Unlike us, our ancestors were calorie-restricted. Just like cats, pandas, and almost all large animals, humans have evolved a strong natural drive to be lazy. In the wild, laziness is smart business – seeking comfort and reserving energy for the hunt is a winning strategy in a harsh world.
Millions of years later though, things have changed. We have more food than we can eat, sinfully cozy couches, and our troubles have evolved from finding enough coconuts to dreams of self-actualization. Meanwhile, our monkey brains still tell us that the most valuable thing we can do is curl up beside a fire with a jumbo bag of Lindt Balls and sleep for 13 hours.
Our instinctual drive towards comfort no longer serves us well.
As a kid, I spent a lot of time strategizing how to maximize comfort. I’d position my computer so I could play games near a heating vent, go to great lengths to avoid being outdoors, and find inventive excuses to avoid exerting myself. Surprisingly, I was not a particularly athletic child.
For example, I liked the idea of playing hockey, but there were a couple obstacles between young Allen and NHL stardom. For example, you may not know this, but ice rinks are awfully cold. Ice skates also pose a serious threat to comfort: if you lace them tightly you’ll hurt your feet, but if you lace them loosely you’ll hurt your ankles. In the face of such a dilemma, I would lace them half-tight. This approach ensured both my feet and ankles hurt, proving once and for all that sports are dumb and we’d all be better off at home under a blanket.
Whether I was attempting a sport, suffering greatly through one of Vancouver’s famously mild winters, or being subjected to the ordeal that is Phys Ed, I spent a lot of my childhood being indignant about being uncomfortable. This was rather apparent, so from time to time, an adult would try to upend my worldview with the pithy wisdom, “no pain, no gain.”
Oh, how I hated that phrase. Steeped in macho tough-guy attitude, it was toxic masculinity before I had a name for it. The idea that there was some sort of competition to experience pain was the dumbest thing I’d ever heard.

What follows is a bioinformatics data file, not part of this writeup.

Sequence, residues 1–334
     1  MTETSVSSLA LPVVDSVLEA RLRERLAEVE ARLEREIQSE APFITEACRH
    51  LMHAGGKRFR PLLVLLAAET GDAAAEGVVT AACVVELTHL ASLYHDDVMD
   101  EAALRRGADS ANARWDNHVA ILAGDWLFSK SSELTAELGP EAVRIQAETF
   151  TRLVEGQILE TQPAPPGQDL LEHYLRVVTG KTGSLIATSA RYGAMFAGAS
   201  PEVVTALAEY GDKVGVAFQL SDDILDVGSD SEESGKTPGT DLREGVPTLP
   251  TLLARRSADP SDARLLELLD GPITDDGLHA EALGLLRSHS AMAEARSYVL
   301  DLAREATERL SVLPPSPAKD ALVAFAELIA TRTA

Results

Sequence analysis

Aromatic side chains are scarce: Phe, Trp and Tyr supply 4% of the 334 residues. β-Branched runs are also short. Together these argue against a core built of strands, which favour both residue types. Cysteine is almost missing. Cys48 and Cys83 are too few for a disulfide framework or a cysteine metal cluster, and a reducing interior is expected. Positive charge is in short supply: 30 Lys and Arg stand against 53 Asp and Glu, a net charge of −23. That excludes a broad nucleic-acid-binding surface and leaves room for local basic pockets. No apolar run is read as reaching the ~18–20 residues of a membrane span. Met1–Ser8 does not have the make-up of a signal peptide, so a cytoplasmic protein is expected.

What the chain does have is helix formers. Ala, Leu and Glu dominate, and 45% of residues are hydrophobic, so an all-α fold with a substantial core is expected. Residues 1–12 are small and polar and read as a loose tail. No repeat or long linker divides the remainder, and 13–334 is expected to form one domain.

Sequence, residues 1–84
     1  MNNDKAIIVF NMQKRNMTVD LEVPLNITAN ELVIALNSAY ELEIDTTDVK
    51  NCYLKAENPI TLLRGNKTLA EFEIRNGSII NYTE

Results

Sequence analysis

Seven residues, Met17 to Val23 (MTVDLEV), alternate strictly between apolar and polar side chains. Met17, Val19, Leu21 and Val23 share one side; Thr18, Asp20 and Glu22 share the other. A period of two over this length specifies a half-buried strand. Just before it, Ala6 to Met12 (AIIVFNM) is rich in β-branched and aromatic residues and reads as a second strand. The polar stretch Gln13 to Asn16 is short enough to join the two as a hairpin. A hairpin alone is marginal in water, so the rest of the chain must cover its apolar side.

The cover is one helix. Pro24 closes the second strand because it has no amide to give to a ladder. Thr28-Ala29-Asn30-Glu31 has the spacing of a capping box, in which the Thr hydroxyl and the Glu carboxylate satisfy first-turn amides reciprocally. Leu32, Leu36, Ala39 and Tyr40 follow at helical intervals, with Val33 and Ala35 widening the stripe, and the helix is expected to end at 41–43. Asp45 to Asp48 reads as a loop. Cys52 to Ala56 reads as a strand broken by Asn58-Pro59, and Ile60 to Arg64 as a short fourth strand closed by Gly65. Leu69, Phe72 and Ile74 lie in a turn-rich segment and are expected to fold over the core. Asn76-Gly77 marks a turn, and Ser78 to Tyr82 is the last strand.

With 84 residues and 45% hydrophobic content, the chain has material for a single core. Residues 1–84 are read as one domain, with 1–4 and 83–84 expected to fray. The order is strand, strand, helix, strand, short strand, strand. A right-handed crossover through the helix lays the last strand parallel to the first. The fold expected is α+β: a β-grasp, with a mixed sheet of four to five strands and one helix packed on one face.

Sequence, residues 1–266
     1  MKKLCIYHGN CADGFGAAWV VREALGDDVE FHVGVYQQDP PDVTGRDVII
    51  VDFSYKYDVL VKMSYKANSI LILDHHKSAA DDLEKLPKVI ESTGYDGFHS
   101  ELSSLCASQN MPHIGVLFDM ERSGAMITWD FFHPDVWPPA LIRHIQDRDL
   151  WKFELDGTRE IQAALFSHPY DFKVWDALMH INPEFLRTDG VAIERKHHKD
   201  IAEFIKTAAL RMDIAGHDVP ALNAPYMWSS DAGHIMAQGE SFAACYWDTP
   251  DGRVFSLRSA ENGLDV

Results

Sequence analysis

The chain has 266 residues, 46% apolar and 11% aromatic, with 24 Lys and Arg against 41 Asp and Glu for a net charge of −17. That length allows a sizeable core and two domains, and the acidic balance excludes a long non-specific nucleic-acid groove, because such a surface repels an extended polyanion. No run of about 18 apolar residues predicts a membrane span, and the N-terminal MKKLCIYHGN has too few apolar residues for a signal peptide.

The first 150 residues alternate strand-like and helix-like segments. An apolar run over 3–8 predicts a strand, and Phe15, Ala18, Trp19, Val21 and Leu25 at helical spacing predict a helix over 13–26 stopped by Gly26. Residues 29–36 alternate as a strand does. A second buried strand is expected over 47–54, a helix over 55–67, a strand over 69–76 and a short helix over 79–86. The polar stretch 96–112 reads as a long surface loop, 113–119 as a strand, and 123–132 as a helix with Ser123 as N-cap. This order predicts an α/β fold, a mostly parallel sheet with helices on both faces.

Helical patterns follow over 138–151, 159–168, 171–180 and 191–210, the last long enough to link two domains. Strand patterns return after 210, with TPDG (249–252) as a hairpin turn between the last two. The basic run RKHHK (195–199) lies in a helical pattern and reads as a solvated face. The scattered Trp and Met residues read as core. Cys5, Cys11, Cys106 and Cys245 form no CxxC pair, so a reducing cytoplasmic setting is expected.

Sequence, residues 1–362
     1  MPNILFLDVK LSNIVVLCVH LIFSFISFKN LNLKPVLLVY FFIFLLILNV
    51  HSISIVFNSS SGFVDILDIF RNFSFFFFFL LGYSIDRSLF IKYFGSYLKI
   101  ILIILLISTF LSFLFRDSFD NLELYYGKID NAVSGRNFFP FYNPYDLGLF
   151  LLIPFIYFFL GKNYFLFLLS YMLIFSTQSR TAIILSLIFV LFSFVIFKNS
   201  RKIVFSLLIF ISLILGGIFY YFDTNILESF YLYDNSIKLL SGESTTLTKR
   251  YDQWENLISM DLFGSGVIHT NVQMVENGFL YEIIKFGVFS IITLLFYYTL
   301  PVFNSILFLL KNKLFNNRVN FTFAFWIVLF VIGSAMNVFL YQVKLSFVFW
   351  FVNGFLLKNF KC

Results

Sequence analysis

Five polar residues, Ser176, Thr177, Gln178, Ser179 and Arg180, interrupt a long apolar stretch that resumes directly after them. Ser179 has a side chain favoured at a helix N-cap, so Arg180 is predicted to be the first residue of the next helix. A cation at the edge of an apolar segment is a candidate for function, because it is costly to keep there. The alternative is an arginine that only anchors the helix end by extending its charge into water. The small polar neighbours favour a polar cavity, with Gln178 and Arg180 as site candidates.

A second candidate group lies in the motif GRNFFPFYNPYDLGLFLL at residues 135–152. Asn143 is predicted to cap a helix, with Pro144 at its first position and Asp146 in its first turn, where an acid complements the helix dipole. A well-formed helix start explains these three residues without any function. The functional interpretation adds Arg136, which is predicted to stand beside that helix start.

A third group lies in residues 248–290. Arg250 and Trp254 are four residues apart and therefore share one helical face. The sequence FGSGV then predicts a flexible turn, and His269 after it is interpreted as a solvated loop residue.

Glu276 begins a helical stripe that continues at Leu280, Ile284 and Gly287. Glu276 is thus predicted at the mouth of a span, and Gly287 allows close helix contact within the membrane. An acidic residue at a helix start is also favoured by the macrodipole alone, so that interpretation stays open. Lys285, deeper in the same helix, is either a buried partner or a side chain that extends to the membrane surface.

The manly glorification of discomfort simply reinforced my slothful attitudes. I don’t need to freeze to death or crush my feet just to enjoy hockey – I’ll just collect hockey cards! I’m not lazy, I’m rational!
As a teenager I would seek schemes, sometimes elaborate ones, for how do the minimum amount of work, whether by automation or social engineering. I would calculate how much each assignment was worth in a class, what my target grade was, and determine the minimum amount of work I had to do to get the grade I wanted.
Basically, I was a little shit.
Many years later, I found myself revisiting learning how to play hockey, and found myself again staring down a pair of skates. Funnily enough, if you just lace skates tightly, and have a good attitude, it’s a non-issue. Your feet grow some little calluses where needed, but you soon associate any remaining discomfort with the satisfaction of skating well. If you focus on the end result, the discomfort becomes irrelevant.
Now, this is obvious to anybody who is into fitness. To a waifish programmer though, it was a blockbuster new thought technology. Overcoming discomfort is a skill. Shrugging off the frosty air while you take out the garbage is a talent. Posing uncomfortably until the photographer gets the shot they want is an art. Calvin’s dad actually had a point!
Discomfort, by its nature, is perceptual. There is a beauty to taming and controlling it. There is a way to find the joy in satisfyingly tight skates, the sharp winter air, or the soft burn of newly formed calluses. While I grew up thinking of comfort as a human right, I now see it as a blanket: good for bedtime, but often impractical.
While I still take issue with “no pain, no gain”, I must admit it’s catchier than “Discomfort is typically an opportunity for growth.”
So, as we assess the past year and consider the next, it’s worth thinking about discomfort. What habit could I start that would be uncomfortable at first but soon become routine? Is there an uncomfortable thing I’ve been avoiding that, once done, would reduce my stress?
It’s also worth thinking about comfort. Comfortable habits have a tendency to outlive their usefulness for recharging or relaxation. For the comforts you indulge in daily, consider: do I get an important boost from this, or am I spending 4 hours a day on the couch just because millions of years ago some monkeys couldn’t scrounge up enough coconuts? It’s a question worth asking.
Then, lace up those skates. Donate the rest of the Lindt Balls to the office kitchen, and go make 2018 a better year than 2017 – just slightly less comfortable.